Building great online and mobile products is hard enough with a small team and limited resources, so why add to the difficulty by embracing “privacy by design” principles? With so many free, easy web tools available and an “everyone else is doing it” mentality, why take time to create extra user controls and transparency? The reality is your users are starting to understand the issues and will soon demand it. You should demand it too. But most online tools compromise user privacy at some level, and almost none provide the new benefits that result when privacy is baked in from the start. So, what to do? You can build your own tools, requiring time, skill, patience, and functionality trade-offs; pay a third party for their tools; or adapt open source solutions. Or you can shrug your shoulders and roll the dice... In this session, learn how the CTO of Personal, a private personal network and data vault service, has built privacy into the company’s DNA and how you can too.
by Paul Gelb
NFC is not a new or particularly sexy technology. For years it has failed to gain traction amongst consumers and businesses as a mobile payment solution. Yet recently, NFC has been a major focus of tech giant uber-disruptors, venture capitalists, start-ups and marketers. Why? NFC yields a much broader opportunity than what arises from contact-free payments and a slice of transaction fees. NFC can connect a consumer with the physical world in ways that generate an infinite number of new engaging interactions for consumers and valuable data points for businesses. This panel will discuss which engaging NFC consumer experiences will drive user adoption, and how NFC will ignite billions of dollars of incremental revenue from user data, marketing services and new mobile powered products.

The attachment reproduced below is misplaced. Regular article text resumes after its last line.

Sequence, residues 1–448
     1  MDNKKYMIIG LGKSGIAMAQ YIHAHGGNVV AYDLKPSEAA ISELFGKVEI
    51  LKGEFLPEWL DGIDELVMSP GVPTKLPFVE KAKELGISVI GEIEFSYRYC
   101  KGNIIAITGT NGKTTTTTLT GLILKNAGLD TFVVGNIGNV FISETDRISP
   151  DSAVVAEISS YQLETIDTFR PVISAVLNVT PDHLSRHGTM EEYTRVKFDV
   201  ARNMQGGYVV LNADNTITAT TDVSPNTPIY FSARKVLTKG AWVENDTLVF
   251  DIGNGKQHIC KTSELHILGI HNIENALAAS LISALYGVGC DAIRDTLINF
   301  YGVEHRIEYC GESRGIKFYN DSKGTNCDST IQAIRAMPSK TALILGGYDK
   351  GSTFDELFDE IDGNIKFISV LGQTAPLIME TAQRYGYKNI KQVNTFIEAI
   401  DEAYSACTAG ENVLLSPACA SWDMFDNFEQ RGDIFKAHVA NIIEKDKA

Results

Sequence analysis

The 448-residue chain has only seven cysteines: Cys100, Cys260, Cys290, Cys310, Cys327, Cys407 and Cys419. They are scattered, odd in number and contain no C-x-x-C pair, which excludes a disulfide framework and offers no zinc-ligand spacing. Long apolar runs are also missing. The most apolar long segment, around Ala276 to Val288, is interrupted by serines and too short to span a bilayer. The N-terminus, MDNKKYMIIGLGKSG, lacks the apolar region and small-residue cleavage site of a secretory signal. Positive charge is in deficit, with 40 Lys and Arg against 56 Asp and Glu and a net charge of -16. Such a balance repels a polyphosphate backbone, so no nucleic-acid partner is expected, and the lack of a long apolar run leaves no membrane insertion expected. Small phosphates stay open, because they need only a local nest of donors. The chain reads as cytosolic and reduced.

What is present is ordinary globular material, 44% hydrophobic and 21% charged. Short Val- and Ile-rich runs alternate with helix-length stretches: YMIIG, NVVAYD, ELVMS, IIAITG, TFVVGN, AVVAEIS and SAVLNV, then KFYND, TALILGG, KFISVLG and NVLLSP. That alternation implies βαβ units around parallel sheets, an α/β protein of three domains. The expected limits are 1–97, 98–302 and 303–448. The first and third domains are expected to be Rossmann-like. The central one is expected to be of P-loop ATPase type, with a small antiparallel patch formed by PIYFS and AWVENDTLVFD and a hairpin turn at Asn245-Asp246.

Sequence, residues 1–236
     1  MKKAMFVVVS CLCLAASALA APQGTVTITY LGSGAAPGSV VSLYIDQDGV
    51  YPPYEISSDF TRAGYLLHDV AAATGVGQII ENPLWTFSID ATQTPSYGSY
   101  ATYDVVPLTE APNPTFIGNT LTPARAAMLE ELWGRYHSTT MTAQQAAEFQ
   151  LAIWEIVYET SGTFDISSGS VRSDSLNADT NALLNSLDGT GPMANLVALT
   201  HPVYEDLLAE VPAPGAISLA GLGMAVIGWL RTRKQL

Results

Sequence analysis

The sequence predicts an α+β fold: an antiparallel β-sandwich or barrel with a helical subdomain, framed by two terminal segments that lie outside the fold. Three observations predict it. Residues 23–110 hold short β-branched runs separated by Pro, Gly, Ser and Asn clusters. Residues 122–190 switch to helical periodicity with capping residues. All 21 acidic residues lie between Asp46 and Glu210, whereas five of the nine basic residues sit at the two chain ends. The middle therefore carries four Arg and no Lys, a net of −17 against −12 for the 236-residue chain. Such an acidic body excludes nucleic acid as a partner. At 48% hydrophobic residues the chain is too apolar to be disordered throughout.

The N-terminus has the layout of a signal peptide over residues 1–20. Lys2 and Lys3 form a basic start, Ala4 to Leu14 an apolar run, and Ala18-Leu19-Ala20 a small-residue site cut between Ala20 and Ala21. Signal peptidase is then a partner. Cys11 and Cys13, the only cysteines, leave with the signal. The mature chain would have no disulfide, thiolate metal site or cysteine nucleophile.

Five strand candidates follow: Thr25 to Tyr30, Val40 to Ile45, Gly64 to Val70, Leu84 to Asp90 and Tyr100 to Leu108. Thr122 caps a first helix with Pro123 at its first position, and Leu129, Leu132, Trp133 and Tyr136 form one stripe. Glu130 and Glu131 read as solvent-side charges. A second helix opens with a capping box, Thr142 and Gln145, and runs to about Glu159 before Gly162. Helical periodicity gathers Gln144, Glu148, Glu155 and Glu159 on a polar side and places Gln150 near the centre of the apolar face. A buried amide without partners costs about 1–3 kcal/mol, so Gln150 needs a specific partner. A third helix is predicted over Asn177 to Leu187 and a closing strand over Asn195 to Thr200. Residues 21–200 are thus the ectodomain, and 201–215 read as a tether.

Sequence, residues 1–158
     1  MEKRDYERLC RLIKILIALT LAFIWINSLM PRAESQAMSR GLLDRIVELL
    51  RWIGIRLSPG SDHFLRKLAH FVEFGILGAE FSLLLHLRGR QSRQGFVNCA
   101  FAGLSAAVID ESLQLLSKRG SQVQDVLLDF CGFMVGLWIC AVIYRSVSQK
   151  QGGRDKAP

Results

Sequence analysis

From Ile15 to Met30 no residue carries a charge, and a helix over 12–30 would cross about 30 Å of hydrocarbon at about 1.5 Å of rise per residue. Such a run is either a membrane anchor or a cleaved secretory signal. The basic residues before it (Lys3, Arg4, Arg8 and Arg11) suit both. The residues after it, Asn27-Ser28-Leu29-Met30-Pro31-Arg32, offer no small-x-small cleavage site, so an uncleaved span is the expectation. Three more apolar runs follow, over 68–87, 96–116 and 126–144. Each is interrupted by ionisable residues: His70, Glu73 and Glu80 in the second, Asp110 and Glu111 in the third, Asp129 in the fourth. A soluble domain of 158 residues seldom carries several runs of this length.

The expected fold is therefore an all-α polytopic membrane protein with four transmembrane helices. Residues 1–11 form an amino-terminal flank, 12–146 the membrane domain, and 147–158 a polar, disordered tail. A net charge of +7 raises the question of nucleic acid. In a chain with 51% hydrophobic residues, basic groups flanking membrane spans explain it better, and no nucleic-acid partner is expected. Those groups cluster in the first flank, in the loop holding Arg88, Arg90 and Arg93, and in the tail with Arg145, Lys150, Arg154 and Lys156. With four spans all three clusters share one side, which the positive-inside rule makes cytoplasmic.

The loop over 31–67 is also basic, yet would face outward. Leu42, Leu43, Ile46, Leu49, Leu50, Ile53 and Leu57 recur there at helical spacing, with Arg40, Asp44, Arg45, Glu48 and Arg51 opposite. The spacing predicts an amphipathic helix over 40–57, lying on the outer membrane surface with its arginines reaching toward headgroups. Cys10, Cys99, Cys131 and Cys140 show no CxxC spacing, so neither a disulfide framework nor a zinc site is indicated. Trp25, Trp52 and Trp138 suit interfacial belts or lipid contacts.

by Scott Jenson
Mobile apps are on a clear trajectory for failure. It’s just not possible to have an app for every device in my house, every product I own and every store I enter. Much like Yahoos original hierarchy gave way to Google’s search. Applications have to give away to a ‘just in time’ approach to applications.
This talk will explain how applications must give way to a more universal approach to application distribution, one based on the mobile web and cloud services. The problem of course, is that the mobile web has both hands tied behind its back. Any mobile app today is locked away behind a browser ghetto: in effect, a sub OS inside a larger mobile OS.
This isn’t just an arbitrary technology debate, a just-in-time approach to application functionality can unleash entirely new sets of application, ones which are impossible with native apps.
This talk will layout how this problem can be fixed, and what changes need to take place, outside of just HTML5, for it to happen.
9th–13th March 2012